Thursday, 13 June 2019

Contrasts on the TGO Challenge

Day 3. On Gulvain. Hot and dry.

Day 9. On Leathad an Taobhain. Brief clearance. Cold, wet and misty.

On every long walk there are contrasts in the weather, the landscape, the terrain underfoot, the campsites and more. This is one of the joys. Nothing stays the same. Every day is different. Often the changes occur gradually, a merging that can be almost unoticeable until you realise how different the world has become. On this year's TGO Challenge crossing of the Scottish Highlands it was the opposite. Changes in weather, underfoot terrain, and water were abrupt.

Day 6. A shrunken Loch Treig

At the end of the first week I walked into Dalwhinnie in hot dry weather, as it had been every previous day. At 9pm that evening the rain started. It rained all the next day, and frequently for the four after that. The first week I had dry feet every day, walking across crunchy dried-out bogs glad I'd chosen cool mesh trail shoes. The second week I had sodden feet every day and on two of them I wore waterproof socks to keep my feet warm. The first week burns were dry high up and trickles lower down. Reservoirs like Loch Ericht and Loch Treig showed huge waterless expanses. The second week I forded knee deep torrents and wondered at some camps whether the nearvy river would burst its banks.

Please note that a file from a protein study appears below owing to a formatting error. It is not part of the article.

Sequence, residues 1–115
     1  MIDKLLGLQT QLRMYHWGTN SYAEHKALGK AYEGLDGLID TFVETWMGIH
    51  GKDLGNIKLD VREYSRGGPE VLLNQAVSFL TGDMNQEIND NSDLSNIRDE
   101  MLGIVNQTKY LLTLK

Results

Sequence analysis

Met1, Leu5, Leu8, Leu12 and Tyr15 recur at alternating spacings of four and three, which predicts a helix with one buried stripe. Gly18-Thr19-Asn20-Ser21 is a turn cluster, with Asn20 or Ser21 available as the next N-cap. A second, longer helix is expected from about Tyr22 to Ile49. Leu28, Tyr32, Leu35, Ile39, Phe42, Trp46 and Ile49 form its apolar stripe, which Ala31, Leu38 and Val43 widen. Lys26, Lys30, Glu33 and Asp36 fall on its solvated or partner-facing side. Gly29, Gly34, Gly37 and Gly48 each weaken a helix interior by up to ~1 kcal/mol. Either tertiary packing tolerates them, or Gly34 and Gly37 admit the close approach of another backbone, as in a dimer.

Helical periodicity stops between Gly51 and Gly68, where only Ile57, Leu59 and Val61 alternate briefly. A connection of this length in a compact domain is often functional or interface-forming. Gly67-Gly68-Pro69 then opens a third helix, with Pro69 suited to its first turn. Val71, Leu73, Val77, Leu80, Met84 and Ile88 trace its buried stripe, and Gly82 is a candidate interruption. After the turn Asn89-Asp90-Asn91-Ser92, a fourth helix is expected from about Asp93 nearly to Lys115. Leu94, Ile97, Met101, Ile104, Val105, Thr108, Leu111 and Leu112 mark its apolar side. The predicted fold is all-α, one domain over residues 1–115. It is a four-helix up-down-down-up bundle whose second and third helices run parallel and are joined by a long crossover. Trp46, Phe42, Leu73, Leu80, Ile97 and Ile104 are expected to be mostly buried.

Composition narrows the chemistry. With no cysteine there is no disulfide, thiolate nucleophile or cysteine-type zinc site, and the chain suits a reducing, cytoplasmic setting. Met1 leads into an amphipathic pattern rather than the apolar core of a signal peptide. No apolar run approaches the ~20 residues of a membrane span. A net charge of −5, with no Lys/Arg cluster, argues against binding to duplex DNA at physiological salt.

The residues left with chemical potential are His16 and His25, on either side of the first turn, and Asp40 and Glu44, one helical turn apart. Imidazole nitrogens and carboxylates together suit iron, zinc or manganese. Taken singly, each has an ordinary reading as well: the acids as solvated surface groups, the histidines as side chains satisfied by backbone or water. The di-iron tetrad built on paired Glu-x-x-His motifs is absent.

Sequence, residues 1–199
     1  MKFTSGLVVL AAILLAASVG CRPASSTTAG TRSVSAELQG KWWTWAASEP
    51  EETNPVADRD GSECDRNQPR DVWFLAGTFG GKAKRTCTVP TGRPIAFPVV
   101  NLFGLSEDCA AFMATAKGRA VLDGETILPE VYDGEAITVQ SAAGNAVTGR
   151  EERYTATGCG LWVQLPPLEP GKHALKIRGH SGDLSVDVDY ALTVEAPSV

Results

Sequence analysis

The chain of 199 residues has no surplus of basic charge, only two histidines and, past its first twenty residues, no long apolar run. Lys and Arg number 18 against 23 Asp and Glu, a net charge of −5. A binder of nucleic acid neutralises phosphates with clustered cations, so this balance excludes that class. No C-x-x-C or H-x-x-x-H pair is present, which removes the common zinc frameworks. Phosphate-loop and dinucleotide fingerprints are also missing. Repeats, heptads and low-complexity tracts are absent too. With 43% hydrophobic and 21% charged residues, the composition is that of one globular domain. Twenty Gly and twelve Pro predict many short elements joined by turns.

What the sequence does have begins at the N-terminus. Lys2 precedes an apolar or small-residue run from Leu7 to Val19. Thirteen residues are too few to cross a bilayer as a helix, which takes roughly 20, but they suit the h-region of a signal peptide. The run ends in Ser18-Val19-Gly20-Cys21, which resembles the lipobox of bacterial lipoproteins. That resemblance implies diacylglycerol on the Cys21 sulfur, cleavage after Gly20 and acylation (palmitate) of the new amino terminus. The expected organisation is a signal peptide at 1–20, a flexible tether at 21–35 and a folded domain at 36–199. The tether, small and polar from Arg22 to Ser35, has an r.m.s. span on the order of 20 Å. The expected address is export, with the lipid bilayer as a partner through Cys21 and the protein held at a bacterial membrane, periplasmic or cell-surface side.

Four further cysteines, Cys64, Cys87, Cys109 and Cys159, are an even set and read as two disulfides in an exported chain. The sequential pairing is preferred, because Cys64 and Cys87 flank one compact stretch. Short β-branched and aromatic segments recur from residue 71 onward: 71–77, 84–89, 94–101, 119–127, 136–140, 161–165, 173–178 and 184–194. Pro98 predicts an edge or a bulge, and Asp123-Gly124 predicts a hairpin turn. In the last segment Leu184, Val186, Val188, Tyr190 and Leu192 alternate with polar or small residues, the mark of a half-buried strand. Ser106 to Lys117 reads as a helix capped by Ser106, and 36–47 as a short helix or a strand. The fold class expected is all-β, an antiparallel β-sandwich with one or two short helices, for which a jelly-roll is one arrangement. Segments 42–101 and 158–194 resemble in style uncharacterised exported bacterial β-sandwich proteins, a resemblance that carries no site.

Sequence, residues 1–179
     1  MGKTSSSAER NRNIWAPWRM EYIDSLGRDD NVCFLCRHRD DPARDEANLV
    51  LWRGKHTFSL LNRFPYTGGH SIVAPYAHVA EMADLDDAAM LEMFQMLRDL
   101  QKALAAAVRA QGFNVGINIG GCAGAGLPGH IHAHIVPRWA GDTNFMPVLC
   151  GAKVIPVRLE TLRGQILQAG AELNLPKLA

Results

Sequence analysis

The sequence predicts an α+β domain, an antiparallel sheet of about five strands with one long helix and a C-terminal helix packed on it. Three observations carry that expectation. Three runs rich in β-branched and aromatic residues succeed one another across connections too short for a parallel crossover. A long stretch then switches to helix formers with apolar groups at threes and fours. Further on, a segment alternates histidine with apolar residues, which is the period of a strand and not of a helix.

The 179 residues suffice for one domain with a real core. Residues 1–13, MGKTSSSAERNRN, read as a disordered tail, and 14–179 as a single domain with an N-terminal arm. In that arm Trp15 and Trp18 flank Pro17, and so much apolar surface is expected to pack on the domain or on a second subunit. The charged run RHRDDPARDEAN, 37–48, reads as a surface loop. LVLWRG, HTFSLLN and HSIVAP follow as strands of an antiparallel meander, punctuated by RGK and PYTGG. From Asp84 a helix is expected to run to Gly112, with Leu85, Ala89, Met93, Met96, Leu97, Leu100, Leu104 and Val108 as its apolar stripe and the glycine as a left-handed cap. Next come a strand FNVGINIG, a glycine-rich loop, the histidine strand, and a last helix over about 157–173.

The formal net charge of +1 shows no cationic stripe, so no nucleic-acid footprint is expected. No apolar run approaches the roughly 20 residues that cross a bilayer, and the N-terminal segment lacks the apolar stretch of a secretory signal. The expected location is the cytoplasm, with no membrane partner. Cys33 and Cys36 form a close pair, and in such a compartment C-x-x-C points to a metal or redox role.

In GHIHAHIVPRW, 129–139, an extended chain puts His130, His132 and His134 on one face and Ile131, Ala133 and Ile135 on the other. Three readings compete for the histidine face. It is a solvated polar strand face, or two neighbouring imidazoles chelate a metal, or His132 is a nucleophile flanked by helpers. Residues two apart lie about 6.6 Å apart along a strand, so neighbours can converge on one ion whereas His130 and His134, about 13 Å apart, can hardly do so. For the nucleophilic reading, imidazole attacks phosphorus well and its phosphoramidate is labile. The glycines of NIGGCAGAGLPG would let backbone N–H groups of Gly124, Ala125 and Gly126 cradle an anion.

Day 11. Glen Callater.

The change in the weather shows up in the number of photos I took - 325 in the first seven days, 100 in the last five. It also shows in the distance I walked, 138km to Dalwhinnie - 19.7km a day - and 169km from Dalwhinnie - 33.8km a day. Cold wet weather keeps you moving! There were times in the first week when I just sat on the hillside and watched the world, sometimes for half an hour or more. I never did that the second week. Stops then were just long enough to munch a snack and gulp some water.

Day 3. Gulvain. A hot thirsty climb.

The second week wasn't just slogging head down through the rain seeing little though. Stormy weather has rewards - dramatic cloudscapes, rainbows, waterfalls, mysterious mists. Contrast is good. It all adds to the pleasure of walking.

Day 12. Rainbow over the east coast.

Sunday, 9 June 2019

TGO Challenge 2019: The Gear

Every year I’m asked for advice on gear for the TGO Challenge and on what weather to expect. Both are impossible questions to answer. May is an awkward month in the Scottish Highlands. It might be hot and sunny, it might be cold and wet. There might be deep snow, there might be frosty nights, there might be big storms. It might stay calm. I don’t make a final decision until the day before I leave. This year I had an ice axe on my tentative list (in my head, nothing written down) until a few days before setting out as there was still much snow in the hills. Then the weather changed to hot and sunny and the ice axe was replaced by sunglasses and sunhat.